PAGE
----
Love Sold Separately
Love Sold Separately gets a lot of credit for giving us a wildly imperfect lead – but it has some points subtracted for uneven plotting and characterization as well as unfortunate stereotyping that pulls down the grade.
Stoner actress Dana Barry has just been fired from her latest retail job (at a Hot Topic, for telling a customer he “wasn’t emo enough”) when her friend/manager Megan hooks her up with an audition for The Shopping Channel. Megan thinks slacker Dana would be perfect as a new on-air personality for them, and though Dana is uber-high as they rush downtown for the audition, she comes alive on camera and is soon on the air hawking sweaters, jewelry and salad shooters.
Dana’s life is in a bit of a disarray, what with her widowed father dating far below his age range (he’s in his sixties, his girlfriend is forty), and her shopaholic sister Chelsea continuing to be an otherwise-perfect spotlight -stealer, with her stable marriage and cute kid. But on her first day Dana manages to stumble onto a crime scene – the gruesome apparent attempted suicide of The Shopping Channel’s star host Kitty Todd, shot right in the head in her office. Kitty’s alive when she’s taken off in an ambulance but is soon dead, making Dana a useful witness. Her innate sense of curiosity results in her becoming deeply involved in the case – and developing an interest in assisting Detective Ari Marks, the head investigator. She’s also got a thing for her handsome camera operator, Lorenzo, a single dad who soon becomes the police’s chief suspect.
With all of the pressure Dana is under to perform and bring justice to Kitty’s case, will she manage to keep her job, choose between Lorenzo and Ari, and win her stripes as an amateur detective?
Love Sold Separately is more of a cozy mystery with a dash of women’s fiction thrown on top than a contemporary romance. Dana’s love triangle is mostly background to the investigation, so I did have to deduct some points for that, as it’s being marketed as a romantic suspense novel.
Otherwise, we have one wild, screw-up heroine to follow, and for some, her immaturity and irresponsibility will be hard to take. But I really enjoyed Dana’s outré ridiculousness and how she handled landing in a pot of jam that requires her to have a classy outer image while still being a stoner trashbag of a gal. I loved her. She may be a difficulty for others, but not me, though I didn’t entirely buy her altruism when she’d been introduced as immature, thoughtless and self-centered (and yes, I deducted points for that too).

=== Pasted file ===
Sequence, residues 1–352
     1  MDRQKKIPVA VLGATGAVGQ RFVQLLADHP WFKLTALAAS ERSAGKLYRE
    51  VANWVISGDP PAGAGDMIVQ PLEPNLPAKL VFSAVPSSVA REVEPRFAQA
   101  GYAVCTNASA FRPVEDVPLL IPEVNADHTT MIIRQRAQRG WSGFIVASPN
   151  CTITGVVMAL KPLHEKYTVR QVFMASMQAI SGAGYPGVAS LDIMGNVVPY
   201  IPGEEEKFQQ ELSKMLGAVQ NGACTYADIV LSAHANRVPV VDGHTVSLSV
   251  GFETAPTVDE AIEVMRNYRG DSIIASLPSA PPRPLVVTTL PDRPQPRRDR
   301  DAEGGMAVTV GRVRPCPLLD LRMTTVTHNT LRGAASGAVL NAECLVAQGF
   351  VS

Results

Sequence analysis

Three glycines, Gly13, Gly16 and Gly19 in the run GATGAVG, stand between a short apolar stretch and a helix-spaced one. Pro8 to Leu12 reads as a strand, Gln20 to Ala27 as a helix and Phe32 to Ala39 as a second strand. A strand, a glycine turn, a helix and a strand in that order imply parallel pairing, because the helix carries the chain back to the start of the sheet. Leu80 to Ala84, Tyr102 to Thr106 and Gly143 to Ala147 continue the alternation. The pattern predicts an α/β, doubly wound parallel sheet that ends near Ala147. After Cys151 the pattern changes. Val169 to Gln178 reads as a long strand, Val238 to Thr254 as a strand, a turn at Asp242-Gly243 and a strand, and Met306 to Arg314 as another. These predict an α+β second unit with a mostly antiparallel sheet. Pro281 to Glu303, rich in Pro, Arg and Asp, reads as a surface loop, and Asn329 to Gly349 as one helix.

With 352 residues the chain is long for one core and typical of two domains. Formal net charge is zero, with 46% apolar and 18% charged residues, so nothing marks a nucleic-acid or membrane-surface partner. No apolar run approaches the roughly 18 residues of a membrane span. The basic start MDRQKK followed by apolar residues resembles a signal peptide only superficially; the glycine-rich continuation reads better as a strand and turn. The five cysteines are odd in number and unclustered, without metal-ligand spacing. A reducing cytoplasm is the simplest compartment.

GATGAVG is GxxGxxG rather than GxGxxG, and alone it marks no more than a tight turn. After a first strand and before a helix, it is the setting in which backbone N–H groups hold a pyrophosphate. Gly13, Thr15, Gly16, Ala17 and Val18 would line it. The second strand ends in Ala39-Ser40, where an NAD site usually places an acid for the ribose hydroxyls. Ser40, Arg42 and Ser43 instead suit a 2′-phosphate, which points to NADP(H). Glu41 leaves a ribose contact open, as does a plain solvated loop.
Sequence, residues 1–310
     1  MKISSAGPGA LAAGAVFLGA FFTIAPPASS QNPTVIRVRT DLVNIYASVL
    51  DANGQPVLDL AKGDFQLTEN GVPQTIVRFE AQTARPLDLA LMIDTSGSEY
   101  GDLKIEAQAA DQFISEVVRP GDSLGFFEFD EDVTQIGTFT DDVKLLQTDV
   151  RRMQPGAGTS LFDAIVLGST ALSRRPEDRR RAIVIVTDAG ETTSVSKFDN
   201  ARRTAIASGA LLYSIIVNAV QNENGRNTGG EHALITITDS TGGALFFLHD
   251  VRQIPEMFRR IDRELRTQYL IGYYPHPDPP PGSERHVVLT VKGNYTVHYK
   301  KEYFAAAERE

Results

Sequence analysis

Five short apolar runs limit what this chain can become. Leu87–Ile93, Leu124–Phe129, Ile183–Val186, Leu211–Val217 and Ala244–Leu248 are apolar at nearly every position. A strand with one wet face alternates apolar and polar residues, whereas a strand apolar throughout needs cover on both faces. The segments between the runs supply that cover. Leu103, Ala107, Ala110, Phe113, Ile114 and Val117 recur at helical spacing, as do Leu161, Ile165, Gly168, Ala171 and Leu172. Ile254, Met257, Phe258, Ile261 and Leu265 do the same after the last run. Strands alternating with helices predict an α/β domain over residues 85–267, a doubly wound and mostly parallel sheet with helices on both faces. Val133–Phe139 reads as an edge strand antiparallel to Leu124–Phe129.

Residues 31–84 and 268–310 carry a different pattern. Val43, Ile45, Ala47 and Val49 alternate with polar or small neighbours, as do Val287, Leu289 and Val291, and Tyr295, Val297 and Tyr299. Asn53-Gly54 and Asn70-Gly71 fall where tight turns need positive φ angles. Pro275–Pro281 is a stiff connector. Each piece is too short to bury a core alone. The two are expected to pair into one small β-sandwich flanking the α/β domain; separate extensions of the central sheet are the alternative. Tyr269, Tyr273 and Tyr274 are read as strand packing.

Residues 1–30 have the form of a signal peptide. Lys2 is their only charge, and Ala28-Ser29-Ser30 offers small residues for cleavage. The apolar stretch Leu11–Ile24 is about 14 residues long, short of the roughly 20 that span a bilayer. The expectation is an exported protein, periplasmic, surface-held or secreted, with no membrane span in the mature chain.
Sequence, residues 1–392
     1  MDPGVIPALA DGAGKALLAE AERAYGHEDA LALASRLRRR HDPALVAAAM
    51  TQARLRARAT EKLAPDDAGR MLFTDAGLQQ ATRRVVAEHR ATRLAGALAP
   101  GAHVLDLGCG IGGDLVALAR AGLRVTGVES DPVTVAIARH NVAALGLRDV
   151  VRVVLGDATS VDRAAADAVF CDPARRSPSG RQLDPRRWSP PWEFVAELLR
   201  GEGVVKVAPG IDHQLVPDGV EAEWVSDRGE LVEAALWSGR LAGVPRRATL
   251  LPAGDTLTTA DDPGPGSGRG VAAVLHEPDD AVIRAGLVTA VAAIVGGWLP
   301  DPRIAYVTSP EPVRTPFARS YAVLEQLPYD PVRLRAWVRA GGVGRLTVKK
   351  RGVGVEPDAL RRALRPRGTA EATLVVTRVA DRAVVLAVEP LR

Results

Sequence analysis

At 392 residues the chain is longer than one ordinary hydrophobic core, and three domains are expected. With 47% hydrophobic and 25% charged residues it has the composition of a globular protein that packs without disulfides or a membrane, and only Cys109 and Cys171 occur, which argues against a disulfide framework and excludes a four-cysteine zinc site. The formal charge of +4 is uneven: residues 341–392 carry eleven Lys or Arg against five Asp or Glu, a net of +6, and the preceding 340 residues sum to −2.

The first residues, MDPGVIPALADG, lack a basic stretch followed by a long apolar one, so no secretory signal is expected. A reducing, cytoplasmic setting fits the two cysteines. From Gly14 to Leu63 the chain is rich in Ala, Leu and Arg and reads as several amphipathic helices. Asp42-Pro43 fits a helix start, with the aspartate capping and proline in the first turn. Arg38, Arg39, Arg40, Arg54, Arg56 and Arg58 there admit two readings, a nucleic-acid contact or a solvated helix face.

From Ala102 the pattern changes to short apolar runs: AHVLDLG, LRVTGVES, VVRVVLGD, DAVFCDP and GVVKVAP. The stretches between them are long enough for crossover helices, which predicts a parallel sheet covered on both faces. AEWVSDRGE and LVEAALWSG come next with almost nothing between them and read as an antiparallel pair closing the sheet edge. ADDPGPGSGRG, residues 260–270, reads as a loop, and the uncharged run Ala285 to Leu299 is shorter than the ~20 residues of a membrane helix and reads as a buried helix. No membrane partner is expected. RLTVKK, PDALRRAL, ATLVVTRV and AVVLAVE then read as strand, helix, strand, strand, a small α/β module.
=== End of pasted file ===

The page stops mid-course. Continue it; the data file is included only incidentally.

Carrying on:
The results of the mystery and triangle are less than easy to guess, as are the motives for Dana’s newfound work rival, Sherry. Most of the supporting characters are funny, except for Ollie, who falls into the Befuddled Foreigner category of characters. Meister never rounds him out nto a fully-fledged character, which is unfortunate because a big chunk of the plot rests upon his shoulders. Worse, the only notable character of color in the narrative is a Black executive whom the characters gossip about because he’s cheating on his wife.
Dana’s two romances take up too little of the narrative – and too much attention is paid to one of the pairings over the other, not giving enough time for the second to grow. Meister should have picked one relationship and stuck with it, because the notion that Dana would start dating the second guy after being with the first made little sense.
Meister has the talent to write something much better than this, and parts of Love Sold Separately work. But as is, it doesn’t have the perkiness needed to fly off the shelves.